3 Then I turned my face to the Lord God, seeking him by prayer and pleas for mercy with fasting and sackcloth and ashes. 4 I prayed to the Lord my God and made confession, saying, “O Lord, the great and awesome God, who keeps covenant and steadfast love with those who love him and keep his commandments, 5 we have sinned and done wrong and acted wickedly and rebelled, turning aside from your commandments and rules. 6 We have not listened to your servants the prophets, who spoke in your name to our kings, our princes, and our fathers, and to all the people of the land. 7 To you, O Lord, belongs righteousness, but to us open shame, as at this day, to the men of Judah, to the inhabitants of Jerusalem, and to all Israel, those who are near and those who are far away, in all the lands to which you have driven them, because of the treachery that they have committed against you. 8 To us, O Lord, belongs open shame, to our kings, to our princes, and to our fathers, because we have sinned against you. 9 To the Lord our God belong mercy and forgiveness, for we have rebelled against him 10 and have not obeyed the voice of the Lord our God by walking in his laws, which he set before us by his servants the prophets. 11 All Israel has transgressed your law and turned aside, refusing to obey your voice. And the curse and oath that are written in the Law of Moses the servant of God have been poured out upon us, because we have sinned against him. 12 He has confirmed his words, which he spoke against us and against our rulers who ruled us, by bringing upon us a great calamity. For under the whole heaven there has not been done anything like what has been done against Jerusalem. 13 As it is written in the Law of Moses, all this calamity has come upon us; yet we have not entreated the favor of the Lord our God, turning from our iniquities and gaining insight by your truth. 14 Therefore the Lord has kept ready the calamity and has brought it upon us, for the Lord our God is righteous in all the works that he has done, and we have not obeyed his voice. 15 And now, O Lord our God, who brought your people out of the land of Egypt with a mighty hand, and have made a name for yourself, as at this day, we have sinned, we have done wickedly.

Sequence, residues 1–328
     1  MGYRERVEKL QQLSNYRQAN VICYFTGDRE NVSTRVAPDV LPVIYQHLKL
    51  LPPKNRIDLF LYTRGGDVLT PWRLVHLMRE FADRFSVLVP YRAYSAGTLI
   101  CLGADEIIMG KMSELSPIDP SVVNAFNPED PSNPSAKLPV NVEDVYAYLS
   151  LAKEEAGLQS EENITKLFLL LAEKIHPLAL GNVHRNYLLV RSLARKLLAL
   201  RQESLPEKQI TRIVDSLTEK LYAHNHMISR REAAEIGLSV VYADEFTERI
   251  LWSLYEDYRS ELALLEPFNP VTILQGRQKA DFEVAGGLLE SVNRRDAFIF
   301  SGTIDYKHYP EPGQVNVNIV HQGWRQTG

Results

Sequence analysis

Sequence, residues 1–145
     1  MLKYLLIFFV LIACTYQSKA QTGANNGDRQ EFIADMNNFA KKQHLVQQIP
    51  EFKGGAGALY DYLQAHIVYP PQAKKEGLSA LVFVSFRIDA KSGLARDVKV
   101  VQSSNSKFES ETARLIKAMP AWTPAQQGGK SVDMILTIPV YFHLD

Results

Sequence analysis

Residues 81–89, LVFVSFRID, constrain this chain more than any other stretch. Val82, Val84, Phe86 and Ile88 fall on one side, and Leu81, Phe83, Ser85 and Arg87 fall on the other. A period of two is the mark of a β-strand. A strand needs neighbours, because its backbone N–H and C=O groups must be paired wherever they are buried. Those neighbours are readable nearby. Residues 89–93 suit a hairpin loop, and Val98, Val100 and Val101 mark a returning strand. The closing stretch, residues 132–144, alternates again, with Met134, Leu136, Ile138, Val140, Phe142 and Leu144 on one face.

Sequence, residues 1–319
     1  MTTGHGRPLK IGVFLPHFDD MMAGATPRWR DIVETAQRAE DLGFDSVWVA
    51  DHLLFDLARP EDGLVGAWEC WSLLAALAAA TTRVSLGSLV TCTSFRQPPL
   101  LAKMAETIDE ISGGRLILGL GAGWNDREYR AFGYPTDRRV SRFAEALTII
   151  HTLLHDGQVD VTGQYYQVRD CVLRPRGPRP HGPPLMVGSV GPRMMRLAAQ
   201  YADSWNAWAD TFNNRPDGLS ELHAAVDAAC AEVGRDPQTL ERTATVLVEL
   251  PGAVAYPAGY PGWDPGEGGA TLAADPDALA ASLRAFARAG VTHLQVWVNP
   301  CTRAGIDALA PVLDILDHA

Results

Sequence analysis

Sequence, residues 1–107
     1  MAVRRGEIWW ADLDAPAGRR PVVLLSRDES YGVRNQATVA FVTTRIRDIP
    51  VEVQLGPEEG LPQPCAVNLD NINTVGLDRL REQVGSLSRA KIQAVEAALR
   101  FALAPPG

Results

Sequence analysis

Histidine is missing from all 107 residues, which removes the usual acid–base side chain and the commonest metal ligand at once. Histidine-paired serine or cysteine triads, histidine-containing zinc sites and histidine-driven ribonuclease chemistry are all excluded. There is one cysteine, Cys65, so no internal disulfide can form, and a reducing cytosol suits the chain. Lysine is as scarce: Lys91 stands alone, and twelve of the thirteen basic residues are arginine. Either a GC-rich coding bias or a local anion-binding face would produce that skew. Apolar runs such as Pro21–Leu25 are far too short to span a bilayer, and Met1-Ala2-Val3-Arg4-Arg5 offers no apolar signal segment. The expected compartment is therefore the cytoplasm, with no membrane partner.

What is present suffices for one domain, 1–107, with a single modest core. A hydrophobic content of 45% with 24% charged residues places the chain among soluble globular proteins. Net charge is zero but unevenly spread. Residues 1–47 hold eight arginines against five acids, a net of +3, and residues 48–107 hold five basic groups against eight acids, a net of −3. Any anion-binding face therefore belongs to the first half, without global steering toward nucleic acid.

16 “O Lord, according to all your righteous acts, let your anger and your wrath turn away from your city Jerusalem, your holy hill, because for our sins, and for the iniquities of our fathers, Jerusalem and your people have become a byword among all who are around us. 17 Now therefore, O our God, listen to the prayer of your servant and to his pleas for mercy, and for your own sake, O Lord, make your face to shine upon your sanctuary, which is desolate. 18 O my God, incline your ear and hear. Open your eyes and see our desolations, and the city that is called by your name. For we do not present our pleas before you because of our righteousness, but because of your great mercy. 19 O Lord, hear; O Lord, forgive. O Lord, pay attention and act. Delay not, for your own sake, O my God, because your city and your people are called by your name.”
– Daniel 9:1-19

My View

In my view (which is subject to being completely and utterly wrong), judgement (individual or corporate) is not the result of sin. It seems that Judgement is only needed/necessary when we refuse to confess and repent of our sin. Sin is necessary, but not sufficient. The lack of repentance is the root cause of judgement (not to be confused with consequences, where sin can stand on its own as the root cause).